• Drift uses their own product, a real-time chat widget to chat with their customers and help them learn the tool. They can have in-depth conversations with customers when they are using Drift, finding pain points and personally guiding them through the setup process.

Adding these full-on personalized touches requires significant effort and a dedicated customer success team. The next step then is to automate this 1:1 personalization.

This is where algorithmic personalization may start to take over. As visitors with specific traits visit your site and interact, your site could “learn” what they like and start pushing that content forward. By using all the data points available on your customer you can dynamically serve content specific to them.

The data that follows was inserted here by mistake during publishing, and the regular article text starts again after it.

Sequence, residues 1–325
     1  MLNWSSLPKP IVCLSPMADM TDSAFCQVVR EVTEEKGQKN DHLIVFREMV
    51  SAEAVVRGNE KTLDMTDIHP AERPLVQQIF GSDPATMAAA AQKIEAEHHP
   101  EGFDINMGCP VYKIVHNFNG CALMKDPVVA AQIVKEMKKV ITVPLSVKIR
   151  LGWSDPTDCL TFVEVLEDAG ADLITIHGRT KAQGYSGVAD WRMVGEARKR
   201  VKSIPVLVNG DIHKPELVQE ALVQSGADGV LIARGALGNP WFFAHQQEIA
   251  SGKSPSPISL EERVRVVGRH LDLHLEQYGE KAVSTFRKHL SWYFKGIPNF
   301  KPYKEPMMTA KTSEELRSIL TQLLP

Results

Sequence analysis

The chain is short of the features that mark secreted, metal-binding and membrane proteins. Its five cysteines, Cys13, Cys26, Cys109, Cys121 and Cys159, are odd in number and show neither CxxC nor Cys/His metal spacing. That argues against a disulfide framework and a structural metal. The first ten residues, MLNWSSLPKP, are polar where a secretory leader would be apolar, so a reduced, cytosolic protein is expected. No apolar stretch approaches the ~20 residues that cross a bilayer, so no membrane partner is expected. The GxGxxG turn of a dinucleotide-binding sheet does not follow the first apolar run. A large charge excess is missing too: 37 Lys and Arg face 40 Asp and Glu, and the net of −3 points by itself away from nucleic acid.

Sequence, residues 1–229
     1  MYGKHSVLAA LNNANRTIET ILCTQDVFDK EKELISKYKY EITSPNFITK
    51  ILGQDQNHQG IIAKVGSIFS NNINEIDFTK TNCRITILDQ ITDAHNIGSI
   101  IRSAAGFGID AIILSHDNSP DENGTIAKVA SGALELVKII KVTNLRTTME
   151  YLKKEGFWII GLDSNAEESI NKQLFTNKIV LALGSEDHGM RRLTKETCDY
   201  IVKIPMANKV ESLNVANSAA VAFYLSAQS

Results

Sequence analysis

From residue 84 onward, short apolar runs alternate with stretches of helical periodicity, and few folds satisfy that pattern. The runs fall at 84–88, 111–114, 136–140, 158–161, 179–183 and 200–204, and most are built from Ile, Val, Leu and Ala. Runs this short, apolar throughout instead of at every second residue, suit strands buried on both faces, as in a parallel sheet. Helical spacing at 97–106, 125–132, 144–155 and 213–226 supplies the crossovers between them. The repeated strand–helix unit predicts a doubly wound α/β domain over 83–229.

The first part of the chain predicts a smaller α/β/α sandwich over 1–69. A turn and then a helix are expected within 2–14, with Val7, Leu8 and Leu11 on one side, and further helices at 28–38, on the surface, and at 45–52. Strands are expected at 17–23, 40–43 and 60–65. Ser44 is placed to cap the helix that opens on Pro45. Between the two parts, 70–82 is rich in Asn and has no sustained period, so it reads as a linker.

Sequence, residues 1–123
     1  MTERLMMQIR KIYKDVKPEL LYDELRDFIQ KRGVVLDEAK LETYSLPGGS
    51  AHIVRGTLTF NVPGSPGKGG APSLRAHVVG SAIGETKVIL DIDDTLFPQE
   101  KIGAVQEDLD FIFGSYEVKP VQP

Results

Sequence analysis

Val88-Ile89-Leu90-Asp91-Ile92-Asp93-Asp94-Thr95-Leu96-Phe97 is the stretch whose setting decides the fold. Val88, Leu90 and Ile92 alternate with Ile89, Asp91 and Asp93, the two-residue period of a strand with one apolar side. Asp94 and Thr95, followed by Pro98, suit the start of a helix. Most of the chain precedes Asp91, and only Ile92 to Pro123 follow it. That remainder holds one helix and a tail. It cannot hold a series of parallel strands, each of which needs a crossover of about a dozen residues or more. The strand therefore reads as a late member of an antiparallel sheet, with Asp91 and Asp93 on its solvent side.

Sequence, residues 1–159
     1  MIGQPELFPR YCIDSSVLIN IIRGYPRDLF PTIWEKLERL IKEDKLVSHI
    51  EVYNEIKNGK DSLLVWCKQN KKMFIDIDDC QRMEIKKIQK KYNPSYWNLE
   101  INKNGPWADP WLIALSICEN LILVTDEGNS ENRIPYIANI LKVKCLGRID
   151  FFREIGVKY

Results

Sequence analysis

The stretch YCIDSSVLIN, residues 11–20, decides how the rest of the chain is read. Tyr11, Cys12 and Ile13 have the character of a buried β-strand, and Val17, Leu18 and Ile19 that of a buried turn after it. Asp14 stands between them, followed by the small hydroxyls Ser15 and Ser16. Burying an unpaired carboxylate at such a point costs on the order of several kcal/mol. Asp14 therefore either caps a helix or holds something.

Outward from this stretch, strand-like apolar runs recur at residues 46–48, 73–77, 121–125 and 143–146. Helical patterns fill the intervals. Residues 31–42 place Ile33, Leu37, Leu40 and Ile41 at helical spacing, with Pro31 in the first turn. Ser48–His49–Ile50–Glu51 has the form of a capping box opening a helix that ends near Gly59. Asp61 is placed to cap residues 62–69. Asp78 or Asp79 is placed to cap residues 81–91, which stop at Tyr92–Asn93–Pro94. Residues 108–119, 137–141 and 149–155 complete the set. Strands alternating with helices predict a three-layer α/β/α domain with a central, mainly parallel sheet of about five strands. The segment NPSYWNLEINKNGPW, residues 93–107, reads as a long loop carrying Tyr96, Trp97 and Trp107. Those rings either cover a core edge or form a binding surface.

Your site could pull the right content for a 31-year old account executive at a microbrewery in Manitoba. A 56-year old solopreneur from the Seychelles. A 15-year old Wunderkind developer from München.

There are almost no limits to personalization. The data is available. By looking for every avenue of personalization, you not only increase your conversion rates, but you also give your customers a better experience. Their journey will be tailored to them, and fit them as well as a Savile Row suit.

About the Author:

Matt Sornson is on the growth team at Clearbit where he hacks on marketing, sales, and data loops. You can find him on Twitter @mattsornson or the old fashioned way – [email protected].


Leave a Reply

Your email address will not be published. Required fields are marked *